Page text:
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10

"Season after season" is a phrase meaning "over many seasons" or "repeatedly". If you substitute "repeatedly" for "season after season" in the sentence it should be easily understandable. Arsenal are interested in Inter Milan striker Mauro Icardi as they attempt to fill a much-needed spot up front after falling short repeatedly with their current crop ...


5

Sigh!! "Encouraged by" means that the presence or occurrence of something has injected courage into the encouraged person. "Encouraged with" means that some mechanism or action has injected said courage. Perhaps fittingly, the proverbial donkey is encouraged by a carrot and encouraged with a whip.


4

All of the current answers explain that "season after season" can be replaced by "after many [consecutive] seasons", but I wanted to add the origin of this construction. "[time word] after [time word]" is a very common English idiom, and it takes many forms: "Time after time" "Day after day" "Week after week" "Month after month" "Year after year" (as you ...


3

Season after season means the same as after many seasons. "after falling short season after season" The second "after" means that Arsenal was falling short after the season, after many seasons. "...they attempt to fill a much-needed spot up front after falling short after many seasons..."


2

The phrase may make more sense if "parsed" as follows: "Arsenal are interested in Inter Milan striker Mauro Icardi as they attempt to fill a much-needed spot up front after falling short (season after season) with their current crop of attackers." "Season after season" means "for many seasons." But it is basically a "parenthetical" to the main sentence. ...


2

My hypothesis is not supported by any list of linguistic references, but based on my own understanding of the English language. I apologise for the lack of academic rigour. In the more common uses of "To encourage someone with something" as in the examples given by commentators on this post, the encouragement is the use of an inducement or facilitation to ...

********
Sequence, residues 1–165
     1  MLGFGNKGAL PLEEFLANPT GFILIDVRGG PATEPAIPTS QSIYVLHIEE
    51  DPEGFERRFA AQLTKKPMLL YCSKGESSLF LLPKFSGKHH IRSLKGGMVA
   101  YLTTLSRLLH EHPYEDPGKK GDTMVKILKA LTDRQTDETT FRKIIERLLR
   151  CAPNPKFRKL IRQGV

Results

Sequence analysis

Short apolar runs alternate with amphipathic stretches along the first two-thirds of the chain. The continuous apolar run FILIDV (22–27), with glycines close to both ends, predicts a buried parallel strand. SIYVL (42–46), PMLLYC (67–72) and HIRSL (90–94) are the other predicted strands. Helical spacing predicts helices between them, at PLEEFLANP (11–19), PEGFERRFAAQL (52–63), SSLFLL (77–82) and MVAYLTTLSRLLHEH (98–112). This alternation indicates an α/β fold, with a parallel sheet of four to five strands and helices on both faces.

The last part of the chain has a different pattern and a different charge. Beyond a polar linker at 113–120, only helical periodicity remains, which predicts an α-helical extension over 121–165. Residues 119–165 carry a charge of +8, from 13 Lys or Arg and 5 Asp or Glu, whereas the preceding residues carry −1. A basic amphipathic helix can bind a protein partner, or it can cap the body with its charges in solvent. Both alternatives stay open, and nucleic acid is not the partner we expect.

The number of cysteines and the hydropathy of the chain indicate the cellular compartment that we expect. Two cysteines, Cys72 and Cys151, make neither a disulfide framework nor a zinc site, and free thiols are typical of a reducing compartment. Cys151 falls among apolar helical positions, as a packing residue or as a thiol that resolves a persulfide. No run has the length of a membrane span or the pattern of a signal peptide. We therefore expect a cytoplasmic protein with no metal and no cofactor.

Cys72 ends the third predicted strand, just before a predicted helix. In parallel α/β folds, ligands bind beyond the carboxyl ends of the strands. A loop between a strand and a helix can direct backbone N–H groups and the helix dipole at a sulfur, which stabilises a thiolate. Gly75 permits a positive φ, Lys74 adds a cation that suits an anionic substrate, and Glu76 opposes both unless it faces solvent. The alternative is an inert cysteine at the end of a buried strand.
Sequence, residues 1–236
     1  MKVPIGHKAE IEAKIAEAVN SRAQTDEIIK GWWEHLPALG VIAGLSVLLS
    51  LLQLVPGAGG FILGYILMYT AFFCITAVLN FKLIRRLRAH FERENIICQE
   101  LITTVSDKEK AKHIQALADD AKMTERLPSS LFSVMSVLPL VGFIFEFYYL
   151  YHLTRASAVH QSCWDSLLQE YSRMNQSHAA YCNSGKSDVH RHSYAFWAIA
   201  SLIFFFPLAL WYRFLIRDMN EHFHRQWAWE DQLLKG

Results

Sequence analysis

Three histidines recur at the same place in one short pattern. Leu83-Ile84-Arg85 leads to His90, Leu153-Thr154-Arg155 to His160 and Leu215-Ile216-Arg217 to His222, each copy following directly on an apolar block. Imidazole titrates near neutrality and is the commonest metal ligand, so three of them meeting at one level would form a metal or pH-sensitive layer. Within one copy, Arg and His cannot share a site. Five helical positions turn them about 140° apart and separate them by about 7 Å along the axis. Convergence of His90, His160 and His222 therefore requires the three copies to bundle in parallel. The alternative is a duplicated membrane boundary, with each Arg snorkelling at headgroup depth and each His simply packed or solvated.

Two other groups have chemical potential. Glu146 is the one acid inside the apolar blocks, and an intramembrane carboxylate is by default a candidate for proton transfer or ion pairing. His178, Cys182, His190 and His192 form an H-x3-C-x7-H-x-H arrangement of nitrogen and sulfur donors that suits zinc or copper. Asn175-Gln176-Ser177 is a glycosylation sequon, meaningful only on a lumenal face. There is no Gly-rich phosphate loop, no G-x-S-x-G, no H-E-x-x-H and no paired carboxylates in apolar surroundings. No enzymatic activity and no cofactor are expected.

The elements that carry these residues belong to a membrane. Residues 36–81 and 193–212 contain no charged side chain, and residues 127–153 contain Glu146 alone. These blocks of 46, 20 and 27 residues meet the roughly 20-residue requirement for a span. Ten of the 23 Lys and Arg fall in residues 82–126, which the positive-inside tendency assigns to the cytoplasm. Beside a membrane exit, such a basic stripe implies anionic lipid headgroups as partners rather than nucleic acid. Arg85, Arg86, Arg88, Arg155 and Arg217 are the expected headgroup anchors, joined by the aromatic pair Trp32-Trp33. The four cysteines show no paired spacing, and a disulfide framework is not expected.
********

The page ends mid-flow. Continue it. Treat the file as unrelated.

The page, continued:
2

You wouldn't. The correct version is: Is there a loophole in some of these requirements? See the example sentences here, and here. The word loophole originally referred to a real hole. Hole occur in things, not to or for things. (Although in fairness it should be said that sometimes prepositions in English are pretty arbitrary.) Obviously there are ...


2

Reason, both in the singular and in the plural, is used in conjunction with both to and for, but in different ways: To is used when the complement of reason is a verbal phrase; the verb is in the infinitive. “There are several reasons to do it”, for example. For is used when the complement is a noun phrase. This includes verbal nouns and gerunds, both of ...


1

Both versions are possible. thesarus.com states in as a word that can replace among in the meaning of being in the middle of two points. In the example above, patients aged 50 can be described as being between two points. http://www.thesaurus.com/browse/among


1

Both versions would be well understood, but "Take your hands out of your pockets" is idiomatic based on Ngram's corpus. Regarding plurality, if the hands were initially in a single pocket, use the singular, pocket. If they were in separate pockets, use the plural, pockets.


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The distinctive property of particles is that they are the only complements which can freely come between the verb and its direct object. Particles are short words (one or two syllables) and virtually all of them are prepositions. But of course not all prepositions are particles! For example, "down" is a particle in She took down the suitcase, but "...


1

Forget everything you have read until now in the answers, and, forget google and Ingram. He said /with/ instead of /by/, most likely due to one of the principal features of spoken language versus written language. There are many lists re these features on the internet, most of them do not cover using one word instead of another when the speaker is actually ...


1

First the obvious: "Encouraged by" is the standard and markedly more common expression, and news outlets that standardized the expression probably did so accidentally, because "encouraged with" is comparatively uncommon. I would next note that "by" is active, while "with" is passive. "I am disgusted by the candidates" because they are actively disgusting ...


1

"encouraged" can be either an adjective or a past participle of the verb "encourage" used in a passive construction. One way to tell the difference is to notice whether "encouraged" is modified by "very", since "very" modifies adjectives but not verbs (nor participles of verbs, because those are still verbs). So "Ryan was encouraged" could either be a ...


1

Let's attempt to look at this another way. Instead of focusing on the "encouraged" part of the statement, let's look at all parts. "encouraged with--encouraged by": As you can see, the 'by' variant is the outright winner, but this doesn't tell the whole story. Now let's examine the latter part of Ryan's sentence, and you'll see that "with" is more ...


1

I assume this to be more of a process question than an English question. Most of the "fast headlines" are not actually written by the media outlets but by news agencies - like the associated press. The individual news outlets just take it from there. At least that's the case for most written news. TV stations just play the clip, their banners however are ...



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